Tag Archives: bees

The sun and a spider mite.

The sun up above does feel like the ball of fire it is, today when the thermometer stands at 100 degrees. Summer caught up with itself and arrived with stored up (solar) energy!

It was too late to take a walk, on a day like this, but I did it. Maybe it was the heat that made the phrase “ball of fire” come to my mind as I watched a spider mite racing around on a blackberry flower, never stopping. What can a mite accomplish if it never pauses? It’s the little smudge appearing in a different spot in each of the shots below.

I also looked at the bees and flowers. I saw a syrphid fly and had to learn all over again when I got home that it was not a bee. In the process I learned that in the United States alone there are 4,000 species of bees. Here is another insect I don’t know… Is it a wasp or a fly? At least, I know it’s not a bee.

I also can’t remember what this shrub is that all three insects are posing on. [So fast! My first commenter reminded me that it is cotoneaster.] Maybe I never have known. But I didn’t really want to spend today doing insect or plant identification. I need to wash the dishes and strip the bathroom floor! So if any of you know about my insect or shrub perhaps you can tell me.

syrphid fly

Most of the salsify have scattered their seeds, but some flowers are still opening.

Mustard plants eight feet tall are growing out of the drying-up creek, along with lots of thistles. What is that orange spot that catches the eye…? Not a piece of trash, surprisingly, but California poppies! I’ve never seen them down there before.

All of this life, in many colors, pushing forth. I wondered… if I focus my camera on one small part of the very ugliest thistle, might I see something pretty? I did:

Last night at church we had a thanksgiving service for a couple celebrating their 50th wedding anniversary. When the husband retired from being a professor and a full-time Orthodox priest in Michigan, they moved from Michigan to California to be near their children. The wife said it was as though she had died and gone to heaven. 🙂 Since then they have been part-time participants in three parishes, and from all three of them people came to congratulate and rejoice with them.

I had been to only one other Moleben of Thanksgiving ever before, which was prayed for my husband and me in thanks and praise for God’s faithfulness during our 40 years of marriage. That was already seven years ago! This service was a joy – I was so happy to be part of it and to pray with them.

I had mixed up the time and arrived an hour early, which was kind of nice because I got to chat with the husband and his son a bit. The son was getting the barbecue ready for the party that would happen after the service. We were enjoying the shade of this beautiful catalpa tree whose flowers smelled like the fancy dessert was baking in the oven nearby. But this picture shows what my daughter told me about iPhone cameras, that they distort the sides of the image. Do you see how the buildings on the sides are both leaning in? Okay, now go back and enjoy the tree.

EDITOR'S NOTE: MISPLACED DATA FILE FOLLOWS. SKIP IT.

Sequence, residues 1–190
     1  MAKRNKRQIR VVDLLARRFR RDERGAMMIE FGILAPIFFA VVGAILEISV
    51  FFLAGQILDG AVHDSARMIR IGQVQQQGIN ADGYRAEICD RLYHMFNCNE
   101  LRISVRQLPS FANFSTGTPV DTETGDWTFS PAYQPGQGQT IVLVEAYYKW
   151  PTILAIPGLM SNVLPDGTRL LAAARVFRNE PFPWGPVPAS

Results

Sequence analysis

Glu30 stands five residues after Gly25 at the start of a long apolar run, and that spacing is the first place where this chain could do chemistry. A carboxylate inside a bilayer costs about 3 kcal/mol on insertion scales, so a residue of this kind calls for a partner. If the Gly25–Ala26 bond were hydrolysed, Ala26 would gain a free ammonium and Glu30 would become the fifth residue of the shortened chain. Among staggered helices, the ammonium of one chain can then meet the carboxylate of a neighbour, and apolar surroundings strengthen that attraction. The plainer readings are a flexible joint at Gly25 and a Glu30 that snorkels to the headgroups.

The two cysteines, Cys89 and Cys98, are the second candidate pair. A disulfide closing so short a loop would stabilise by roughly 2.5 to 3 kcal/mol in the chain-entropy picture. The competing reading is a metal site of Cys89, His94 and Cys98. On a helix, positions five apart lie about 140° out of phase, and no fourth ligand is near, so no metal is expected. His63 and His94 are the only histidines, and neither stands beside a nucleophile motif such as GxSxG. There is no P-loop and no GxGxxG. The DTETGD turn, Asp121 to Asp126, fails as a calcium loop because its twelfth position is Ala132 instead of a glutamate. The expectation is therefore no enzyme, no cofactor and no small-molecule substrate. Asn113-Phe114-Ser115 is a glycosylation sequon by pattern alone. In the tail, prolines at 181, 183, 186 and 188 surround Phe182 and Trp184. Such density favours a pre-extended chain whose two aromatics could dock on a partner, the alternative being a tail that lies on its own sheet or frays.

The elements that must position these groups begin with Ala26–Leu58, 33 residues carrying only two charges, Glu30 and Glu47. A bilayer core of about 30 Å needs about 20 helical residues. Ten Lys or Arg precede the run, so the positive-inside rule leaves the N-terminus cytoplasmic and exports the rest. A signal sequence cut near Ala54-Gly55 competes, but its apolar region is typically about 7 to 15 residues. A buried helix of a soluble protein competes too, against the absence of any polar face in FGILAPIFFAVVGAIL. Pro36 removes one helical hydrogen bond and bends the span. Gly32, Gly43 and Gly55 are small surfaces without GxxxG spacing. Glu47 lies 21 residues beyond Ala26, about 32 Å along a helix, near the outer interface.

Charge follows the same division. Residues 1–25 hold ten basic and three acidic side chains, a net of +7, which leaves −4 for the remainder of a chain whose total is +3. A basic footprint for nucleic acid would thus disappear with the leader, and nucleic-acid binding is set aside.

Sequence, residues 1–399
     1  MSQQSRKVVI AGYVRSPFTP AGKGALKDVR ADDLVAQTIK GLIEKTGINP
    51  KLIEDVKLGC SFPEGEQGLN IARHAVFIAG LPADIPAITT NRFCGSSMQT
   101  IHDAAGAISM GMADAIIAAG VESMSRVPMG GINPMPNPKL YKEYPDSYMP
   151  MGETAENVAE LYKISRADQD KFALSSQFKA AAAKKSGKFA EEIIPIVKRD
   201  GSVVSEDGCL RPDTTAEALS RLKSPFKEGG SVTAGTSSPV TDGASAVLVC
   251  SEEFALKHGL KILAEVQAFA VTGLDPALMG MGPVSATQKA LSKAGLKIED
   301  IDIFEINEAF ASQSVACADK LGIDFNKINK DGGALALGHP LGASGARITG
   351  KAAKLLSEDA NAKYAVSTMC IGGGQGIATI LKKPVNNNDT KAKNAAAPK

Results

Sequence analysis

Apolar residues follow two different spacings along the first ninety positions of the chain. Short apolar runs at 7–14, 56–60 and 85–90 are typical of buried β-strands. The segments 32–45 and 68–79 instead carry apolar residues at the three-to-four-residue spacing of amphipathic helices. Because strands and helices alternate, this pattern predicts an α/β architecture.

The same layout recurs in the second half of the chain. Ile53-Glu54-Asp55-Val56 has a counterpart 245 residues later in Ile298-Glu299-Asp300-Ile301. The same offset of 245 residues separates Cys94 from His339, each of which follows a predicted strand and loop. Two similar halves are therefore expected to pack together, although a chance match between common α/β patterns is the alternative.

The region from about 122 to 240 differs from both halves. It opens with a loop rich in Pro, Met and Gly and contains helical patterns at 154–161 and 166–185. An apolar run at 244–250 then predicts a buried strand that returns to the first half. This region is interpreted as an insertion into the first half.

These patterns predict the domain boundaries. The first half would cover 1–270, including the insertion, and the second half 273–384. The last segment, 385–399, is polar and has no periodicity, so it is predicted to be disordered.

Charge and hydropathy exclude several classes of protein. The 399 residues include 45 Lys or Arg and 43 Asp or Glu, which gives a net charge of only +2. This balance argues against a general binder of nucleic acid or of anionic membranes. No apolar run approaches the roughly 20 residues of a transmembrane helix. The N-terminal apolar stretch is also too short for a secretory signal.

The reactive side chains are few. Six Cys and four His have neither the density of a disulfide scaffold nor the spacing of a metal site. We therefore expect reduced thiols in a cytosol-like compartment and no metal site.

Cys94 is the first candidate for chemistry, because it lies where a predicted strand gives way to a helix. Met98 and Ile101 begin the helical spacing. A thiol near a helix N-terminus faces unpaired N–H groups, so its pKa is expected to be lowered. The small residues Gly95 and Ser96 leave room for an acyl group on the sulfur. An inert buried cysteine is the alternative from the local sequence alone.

Before I go to my housework, I will have a tall glass of water, and before that, I’ll give you a little lotus weed in warm summery tones. I’ll meet you back here on a slightly cooler day.

I sip nectar with the tiniest.

I sat in my garden reading Penelope Lively, who when writing about garden fashions that come and go, kept using the word “rill.” I picked up my phone to look up that word and see what the British might mean by it, and quick as a wink a tiny fly, almost too tiny to see without reading glasses, lit on the screen, with its wings open for about one second, a flash of shimmering rainbows.

Then it fell off, on to my book. Was that the fly, merely a black gnat? I got him to crawl on to my finger and back on to the screen, where he was kind enough to display his bright wings again for a moment, and then took flight.

On my walk yesterday I saw just one insect in a sea of catsear blooms. And I worked hard to get a picture of a flower with him on it. Not like most years of my photography, when I tried to avoid bugs on blooms, and would be disappointed if my flower were spoiled by a spider or something I hadn’t noticed when I clicked. But most of those critters had come out blurry anyway. No, getting a sharp image of an insect is not easy with a little phone camera. But I have time, don’t I? And a lot of digital storage, too, in case I don’t get around to deleting all those blurry pictures.

I started looking for flowers with insects, and of course, there were bees! It was so warm by this time, they were flying fast and furious, and couldn’t decide which of many privet or blackberry blooms to drink from, like kids in a candy store. The best shot I got was of one flying away with her loot. And I found a near relation to catsear beetle closer to home, descending a wide staircase of rose petals.